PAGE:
Endesa Connects Malaga’s New Wind Farm To The Grid, With The Capacity To Supply Energy To Some 50,000 Homes

Endesa connects Malaga's new wind farm to the grid, with the capacity to supply energy to some 50,000 homes Credit: Shutterstock

ENDESA completes all the renewable megawatts laid out by the Government in 2017.

Endesa, through its renewable energy subsidiary Enel Green Power Spain (EGPE), has connected the wind farm of Los Arcos, between the municipalities of Almargen, Teba and Campillos, 35 megawatts (MW), to the energy network. The connection has meant an investment of 35.5 million euros, but with it the company completes with all the requirements put forward by the Government in 2017.

In this way, the company has successfully met the milestone of connecting the total capacity indicated to the power grid before December 31st.

The energy company’s CEO, José Bogas, stressed that “by meeting this milestone, Endesa is demonstrating with facts the company’s firm commitment to achieving emission-free production by 2050”.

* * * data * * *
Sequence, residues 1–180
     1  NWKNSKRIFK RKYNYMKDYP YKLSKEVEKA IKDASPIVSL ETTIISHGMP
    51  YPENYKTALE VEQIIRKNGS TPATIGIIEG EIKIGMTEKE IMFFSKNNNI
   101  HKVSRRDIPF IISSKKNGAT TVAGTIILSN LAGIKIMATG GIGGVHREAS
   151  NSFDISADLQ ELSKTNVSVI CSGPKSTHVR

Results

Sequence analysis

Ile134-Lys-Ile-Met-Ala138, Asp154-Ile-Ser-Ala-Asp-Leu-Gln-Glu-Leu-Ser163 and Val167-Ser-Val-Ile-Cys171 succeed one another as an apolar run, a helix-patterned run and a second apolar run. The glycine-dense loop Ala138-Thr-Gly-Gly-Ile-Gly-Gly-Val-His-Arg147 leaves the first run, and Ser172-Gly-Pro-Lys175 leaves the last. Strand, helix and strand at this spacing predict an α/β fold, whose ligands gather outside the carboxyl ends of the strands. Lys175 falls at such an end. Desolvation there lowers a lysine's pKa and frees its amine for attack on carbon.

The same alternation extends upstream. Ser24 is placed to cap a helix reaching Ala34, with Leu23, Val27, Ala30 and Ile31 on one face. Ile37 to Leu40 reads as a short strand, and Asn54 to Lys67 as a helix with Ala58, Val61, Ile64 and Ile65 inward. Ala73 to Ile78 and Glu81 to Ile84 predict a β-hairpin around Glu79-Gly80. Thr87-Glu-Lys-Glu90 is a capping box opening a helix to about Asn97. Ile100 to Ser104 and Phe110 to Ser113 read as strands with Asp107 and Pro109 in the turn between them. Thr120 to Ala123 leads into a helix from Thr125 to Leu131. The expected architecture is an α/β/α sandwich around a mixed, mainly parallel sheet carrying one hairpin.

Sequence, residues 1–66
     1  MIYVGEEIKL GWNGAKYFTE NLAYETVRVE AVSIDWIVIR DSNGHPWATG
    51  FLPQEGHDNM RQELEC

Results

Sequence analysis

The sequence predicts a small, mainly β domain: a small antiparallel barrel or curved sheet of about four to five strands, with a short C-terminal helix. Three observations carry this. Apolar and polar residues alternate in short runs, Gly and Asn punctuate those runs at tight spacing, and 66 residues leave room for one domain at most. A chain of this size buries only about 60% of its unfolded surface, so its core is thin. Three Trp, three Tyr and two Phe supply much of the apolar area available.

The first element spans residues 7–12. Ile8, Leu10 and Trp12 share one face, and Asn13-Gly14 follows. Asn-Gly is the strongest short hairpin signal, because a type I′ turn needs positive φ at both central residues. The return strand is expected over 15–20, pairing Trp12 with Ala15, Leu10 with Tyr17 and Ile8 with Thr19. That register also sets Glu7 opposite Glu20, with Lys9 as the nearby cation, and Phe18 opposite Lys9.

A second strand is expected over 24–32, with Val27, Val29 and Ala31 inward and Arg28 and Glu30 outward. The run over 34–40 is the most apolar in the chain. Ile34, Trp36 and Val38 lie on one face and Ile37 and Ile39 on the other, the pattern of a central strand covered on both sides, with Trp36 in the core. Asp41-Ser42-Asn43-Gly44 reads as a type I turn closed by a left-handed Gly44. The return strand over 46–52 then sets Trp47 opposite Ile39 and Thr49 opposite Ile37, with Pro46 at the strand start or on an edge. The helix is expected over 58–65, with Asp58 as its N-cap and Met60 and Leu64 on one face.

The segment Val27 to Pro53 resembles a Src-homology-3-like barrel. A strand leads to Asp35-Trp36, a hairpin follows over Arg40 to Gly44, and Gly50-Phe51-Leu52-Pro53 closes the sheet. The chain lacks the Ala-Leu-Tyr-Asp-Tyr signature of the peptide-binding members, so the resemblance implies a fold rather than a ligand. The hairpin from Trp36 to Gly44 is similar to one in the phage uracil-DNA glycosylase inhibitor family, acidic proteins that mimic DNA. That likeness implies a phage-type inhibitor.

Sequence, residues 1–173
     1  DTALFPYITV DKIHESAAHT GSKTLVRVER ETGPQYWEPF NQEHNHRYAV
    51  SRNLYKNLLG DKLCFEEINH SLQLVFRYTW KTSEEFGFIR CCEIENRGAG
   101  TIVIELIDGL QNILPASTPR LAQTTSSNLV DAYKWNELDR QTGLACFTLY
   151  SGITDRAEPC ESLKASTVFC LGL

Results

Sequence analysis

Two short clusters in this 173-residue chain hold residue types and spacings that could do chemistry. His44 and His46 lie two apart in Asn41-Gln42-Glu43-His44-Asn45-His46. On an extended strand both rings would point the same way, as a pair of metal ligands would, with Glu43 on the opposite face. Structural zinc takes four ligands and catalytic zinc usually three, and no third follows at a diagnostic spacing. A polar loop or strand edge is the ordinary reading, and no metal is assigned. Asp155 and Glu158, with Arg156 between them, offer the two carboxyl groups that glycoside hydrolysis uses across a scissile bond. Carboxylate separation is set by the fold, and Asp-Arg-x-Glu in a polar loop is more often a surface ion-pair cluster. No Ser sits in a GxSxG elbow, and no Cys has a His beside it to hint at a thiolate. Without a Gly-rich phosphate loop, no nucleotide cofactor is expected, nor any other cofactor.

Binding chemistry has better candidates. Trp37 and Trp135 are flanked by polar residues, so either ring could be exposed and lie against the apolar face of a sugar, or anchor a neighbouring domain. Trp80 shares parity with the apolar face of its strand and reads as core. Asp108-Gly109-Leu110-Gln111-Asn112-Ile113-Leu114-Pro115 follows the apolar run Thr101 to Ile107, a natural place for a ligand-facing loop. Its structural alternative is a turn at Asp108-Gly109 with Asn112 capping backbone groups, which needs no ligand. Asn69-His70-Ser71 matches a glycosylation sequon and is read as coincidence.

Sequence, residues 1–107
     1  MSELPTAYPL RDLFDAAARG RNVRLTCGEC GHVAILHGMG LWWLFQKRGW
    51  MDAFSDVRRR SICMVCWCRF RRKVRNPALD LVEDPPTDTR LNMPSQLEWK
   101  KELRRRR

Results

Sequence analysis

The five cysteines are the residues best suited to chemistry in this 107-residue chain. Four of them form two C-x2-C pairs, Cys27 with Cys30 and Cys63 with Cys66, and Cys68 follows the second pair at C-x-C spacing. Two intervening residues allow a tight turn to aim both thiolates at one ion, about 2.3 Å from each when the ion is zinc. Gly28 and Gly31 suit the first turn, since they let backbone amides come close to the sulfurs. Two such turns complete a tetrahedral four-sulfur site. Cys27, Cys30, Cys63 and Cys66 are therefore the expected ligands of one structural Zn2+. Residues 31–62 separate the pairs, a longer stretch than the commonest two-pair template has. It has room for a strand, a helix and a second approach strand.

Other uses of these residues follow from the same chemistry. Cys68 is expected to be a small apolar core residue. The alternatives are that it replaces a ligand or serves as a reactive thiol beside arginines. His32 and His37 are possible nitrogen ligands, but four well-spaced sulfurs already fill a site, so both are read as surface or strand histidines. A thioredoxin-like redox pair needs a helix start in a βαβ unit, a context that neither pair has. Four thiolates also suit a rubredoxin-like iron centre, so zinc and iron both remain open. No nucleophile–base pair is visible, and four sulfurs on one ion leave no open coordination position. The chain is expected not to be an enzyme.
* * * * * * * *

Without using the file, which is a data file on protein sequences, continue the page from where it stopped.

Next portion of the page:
“This is another step in Endesa’s commitment to the progressive replacement of thermal production with 100% renewable energy, which is also one of the pillars of the national energy transition policy”, he added.

The wind farm of Los Arcos together with another 24 parks throughout Spain, in Aragon, Andalusia, Extremadura, Galicia, Castilla León and Murcia have a production capacity of 2,068 gigawatt hours (GWh) per year, which will prevent the emission of 1.3 million tonnes of CO2 into the atmosphere per year.

The Los Arcos wind farm, which has ten wind turbines with a unit capacity of 3.5 MW, will have the capacity to generate more than 100 gigawatt hours (GWh) per year, and it is estimated that the electricity it generates will be capable of supplying energy to some 50,000 homes.

Endesa currently manages over 7,431 MW of renewable capacity in Spain. Of this amount, 4,701 MW are from conventional hydraulic generation. The rest, over 2,723 MW, are managed through EGPE and come from wind (2,291 MW), solar (339 MW), mini-hydro (79 MW) and other renewable energy sources (14 MW).


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Written by

Cristina Hodgson

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